The truth is that I have learnt to be vulnerable with my team than to be slotted a superhuman. I have learnt to be open door and hierarchy neutral in spirit, and this was true even in my civil service days. I have learnt to take criticism on my chin because I know the team will help and stand by me. I have finally learnt that trust, competence and commitment make the best alchemy of success.
Some key guidance and advice you would like to share with the HR practitioners of today and tomorrow.
HR must think bold. We must co-create the organisational agenda, not just execute the one given to us. We must understand our operating context and apply our lens to problems and opportunities.
We must then have a point of view and speak up. HR is not just about being the “nice guy”; it is as much as being the best custodian of an organisation’s sustainability. HR practitioners must not be mere survivors. They must be people who can stand tall in the face of severe opposition, especially in moments of tough transformation.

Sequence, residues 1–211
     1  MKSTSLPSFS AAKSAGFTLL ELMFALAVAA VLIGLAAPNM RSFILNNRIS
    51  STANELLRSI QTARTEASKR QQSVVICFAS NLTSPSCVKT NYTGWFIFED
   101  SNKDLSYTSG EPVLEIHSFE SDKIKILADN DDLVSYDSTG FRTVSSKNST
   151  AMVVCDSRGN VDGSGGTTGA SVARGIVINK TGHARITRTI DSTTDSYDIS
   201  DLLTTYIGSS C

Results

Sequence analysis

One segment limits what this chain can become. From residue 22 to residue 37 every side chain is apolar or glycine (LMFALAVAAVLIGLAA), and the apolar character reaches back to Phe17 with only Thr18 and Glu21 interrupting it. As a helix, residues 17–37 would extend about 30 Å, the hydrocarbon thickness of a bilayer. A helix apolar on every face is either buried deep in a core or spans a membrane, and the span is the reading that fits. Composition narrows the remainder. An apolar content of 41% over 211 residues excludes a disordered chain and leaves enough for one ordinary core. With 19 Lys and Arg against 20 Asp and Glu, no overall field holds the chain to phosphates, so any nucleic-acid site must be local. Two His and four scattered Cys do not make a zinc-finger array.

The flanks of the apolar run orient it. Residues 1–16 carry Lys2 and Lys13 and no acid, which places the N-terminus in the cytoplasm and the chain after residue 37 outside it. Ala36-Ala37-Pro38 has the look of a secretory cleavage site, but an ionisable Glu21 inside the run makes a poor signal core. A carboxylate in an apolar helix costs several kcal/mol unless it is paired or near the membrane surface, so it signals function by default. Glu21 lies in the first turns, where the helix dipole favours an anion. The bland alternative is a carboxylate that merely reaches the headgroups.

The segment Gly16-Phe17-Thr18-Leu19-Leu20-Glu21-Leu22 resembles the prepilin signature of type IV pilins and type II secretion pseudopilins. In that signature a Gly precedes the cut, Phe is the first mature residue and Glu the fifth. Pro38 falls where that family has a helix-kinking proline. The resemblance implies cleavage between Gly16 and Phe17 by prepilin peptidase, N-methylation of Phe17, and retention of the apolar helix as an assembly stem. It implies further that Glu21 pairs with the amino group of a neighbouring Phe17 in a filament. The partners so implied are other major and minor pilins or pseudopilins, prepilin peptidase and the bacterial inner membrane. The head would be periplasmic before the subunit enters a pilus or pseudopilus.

They must learn to celebrate and laugh through all the struggle. It is a function which often is the fall guy, not the one called to the stage to be applauded. Your success is the success of everyone else.
Contrary to every myth, HR is possibly the most difficult function. You have to deliver impact through influence on everyone who does not report to you. It is an agenda everyone, from the doorman to the chairman, has a point of view that is believed to be the only truth.
Through all of this, you must necessarily navigate and anchor a world of values, fair practice and organisational impact. When you are able to do this, you will have a series of best moments.